We find arb stocks interesting if the stock acquiring is one we have followed like Andrew and EMC and Yellow. We may take a look at EMC and YELL. While
the Andrew is closing soon these other two will take through the autumn crash period and so we will keep them on the radar for that time.
9:08am and stocks are lower and Treasuries are a tad higher. There is no great selling pressure although breadth is negative and volume is summer light. We are
picking up some Delphi Auto at $8.80 as an "upgrade" play since ArvinMeritor has made a hostile bid for Dana Corp. All three companies are in the auto parts
business and have been around forever under various names. The Dana offer is worth about $1.8 billion for Dana shares plus $3.5 billion Dana debt for a
total $5.3 billion. Dana has sales of $8 billion. Delphi is selling at $4.7 billion with $2.3 billion in debt or a total value of $7 billion and $28 billion in sales.
GM is still 82% of sales so a discount is required but DPH is cheap compared with the Dana bid. DPH is also just cheap if there is going to be an economic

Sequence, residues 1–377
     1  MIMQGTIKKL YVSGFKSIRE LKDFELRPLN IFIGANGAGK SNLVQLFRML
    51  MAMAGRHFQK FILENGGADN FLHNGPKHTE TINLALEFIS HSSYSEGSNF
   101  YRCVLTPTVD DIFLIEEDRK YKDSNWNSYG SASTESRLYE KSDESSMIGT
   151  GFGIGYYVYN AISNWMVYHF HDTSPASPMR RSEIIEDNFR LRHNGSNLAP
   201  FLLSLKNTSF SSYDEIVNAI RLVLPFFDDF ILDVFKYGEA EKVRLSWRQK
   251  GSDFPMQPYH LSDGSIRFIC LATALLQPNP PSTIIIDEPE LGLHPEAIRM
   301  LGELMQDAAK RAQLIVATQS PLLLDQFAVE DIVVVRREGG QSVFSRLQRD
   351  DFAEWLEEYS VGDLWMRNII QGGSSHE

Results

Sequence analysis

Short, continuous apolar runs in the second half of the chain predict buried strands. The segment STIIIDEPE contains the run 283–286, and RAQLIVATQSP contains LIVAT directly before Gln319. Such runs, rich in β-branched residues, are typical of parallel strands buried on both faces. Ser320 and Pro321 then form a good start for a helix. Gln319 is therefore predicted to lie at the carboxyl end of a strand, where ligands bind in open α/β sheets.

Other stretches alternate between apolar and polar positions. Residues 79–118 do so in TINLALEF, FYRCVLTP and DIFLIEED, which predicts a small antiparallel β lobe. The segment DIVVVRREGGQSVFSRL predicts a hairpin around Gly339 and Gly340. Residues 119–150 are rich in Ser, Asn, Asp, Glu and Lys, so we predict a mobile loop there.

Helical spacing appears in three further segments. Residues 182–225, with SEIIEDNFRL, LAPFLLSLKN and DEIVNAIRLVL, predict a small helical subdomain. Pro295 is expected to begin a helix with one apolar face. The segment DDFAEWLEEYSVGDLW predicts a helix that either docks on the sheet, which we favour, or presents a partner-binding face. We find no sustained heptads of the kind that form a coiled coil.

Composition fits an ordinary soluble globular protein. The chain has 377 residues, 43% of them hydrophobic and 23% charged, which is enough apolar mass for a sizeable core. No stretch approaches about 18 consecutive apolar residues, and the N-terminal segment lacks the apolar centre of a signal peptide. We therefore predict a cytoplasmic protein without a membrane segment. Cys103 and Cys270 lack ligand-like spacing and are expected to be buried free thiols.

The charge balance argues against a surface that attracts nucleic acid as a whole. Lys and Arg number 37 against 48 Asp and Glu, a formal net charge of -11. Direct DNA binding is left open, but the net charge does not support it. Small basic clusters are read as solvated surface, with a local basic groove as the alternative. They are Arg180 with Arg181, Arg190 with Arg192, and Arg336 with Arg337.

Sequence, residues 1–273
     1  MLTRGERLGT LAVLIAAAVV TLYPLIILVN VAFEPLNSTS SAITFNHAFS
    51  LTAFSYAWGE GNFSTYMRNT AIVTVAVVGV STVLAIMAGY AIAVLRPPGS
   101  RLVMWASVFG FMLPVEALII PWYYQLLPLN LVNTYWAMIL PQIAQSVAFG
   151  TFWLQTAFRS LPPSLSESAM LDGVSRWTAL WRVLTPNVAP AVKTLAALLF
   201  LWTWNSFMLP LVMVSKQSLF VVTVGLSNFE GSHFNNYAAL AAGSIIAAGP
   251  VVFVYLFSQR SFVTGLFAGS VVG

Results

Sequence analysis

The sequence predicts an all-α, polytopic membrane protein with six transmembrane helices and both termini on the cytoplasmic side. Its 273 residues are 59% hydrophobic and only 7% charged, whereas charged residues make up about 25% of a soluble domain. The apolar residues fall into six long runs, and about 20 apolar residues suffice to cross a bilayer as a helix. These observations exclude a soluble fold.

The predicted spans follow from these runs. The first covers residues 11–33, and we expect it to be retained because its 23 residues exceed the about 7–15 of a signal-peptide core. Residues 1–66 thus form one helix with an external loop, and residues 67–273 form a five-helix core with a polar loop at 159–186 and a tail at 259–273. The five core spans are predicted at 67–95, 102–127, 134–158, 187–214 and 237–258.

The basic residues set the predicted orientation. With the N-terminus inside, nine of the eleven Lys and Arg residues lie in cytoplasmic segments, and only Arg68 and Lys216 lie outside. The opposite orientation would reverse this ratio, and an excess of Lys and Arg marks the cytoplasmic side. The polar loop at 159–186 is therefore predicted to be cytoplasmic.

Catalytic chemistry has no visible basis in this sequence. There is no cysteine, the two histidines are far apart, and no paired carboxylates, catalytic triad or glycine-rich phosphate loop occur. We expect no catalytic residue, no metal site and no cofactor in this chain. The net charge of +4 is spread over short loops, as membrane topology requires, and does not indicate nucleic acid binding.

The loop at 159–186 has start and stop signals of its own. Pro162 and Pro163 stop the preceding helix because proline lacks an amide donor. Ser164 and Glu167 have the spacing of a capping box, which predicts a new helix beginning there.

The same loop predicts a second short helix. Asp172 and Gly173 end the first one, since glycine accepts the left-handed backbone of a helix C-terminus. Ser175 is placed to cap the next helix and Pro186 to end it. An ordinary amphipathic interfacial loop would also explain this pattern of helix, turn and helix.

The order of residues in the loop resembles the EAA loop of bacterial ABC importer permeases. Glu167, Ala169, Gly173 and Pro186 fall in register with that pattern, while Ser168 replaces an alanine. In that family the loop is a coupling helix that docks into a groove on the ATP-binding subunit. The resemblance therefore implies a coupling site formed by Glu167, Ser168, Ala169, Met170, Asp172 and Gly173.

recovery. We have traded DPH before and we may decide to hold this in accounts if we buy it even if there is no "upgrade" announcement or pop.
In a new filing MCI says that it is slashing spending on capital equipment by $3 billion. That's more bad news for the likes of Lucent and probably also MCI
customers including those in Iraq.
10:17am and the DJIA has inched into positive territory. The move the last few days has encouraged even bears like us to pick up a few cheap stocks as
speculations on a continued move higher. We are buying PCS for accounts at $5.90 and also will be adding DPH by the end of the day. These are low priced
stocks that have decent percentage gains potential and can be held in any sell off. They also don't require the commitment of a big chunk of money to give us a
few stocks to keep our interest peeked.
We sold WAG at $30.60 for a 30 cents profit to use the money for our low priced stock purchases.
11:51am and the DJIA backed off when news that Abbas had called off talks with Sharon. There wasn't a big sell off, just a pull back of buyers. We are
buying Rite Aid in our accounts at $4.80. RAD announced good same store sales numbers up 5% and same front store sales were up 2%. The shares are up a
bit today and so we are taking an initial position with the idea of buying more if the stock backs off. This is a stock we have followed for a number of years and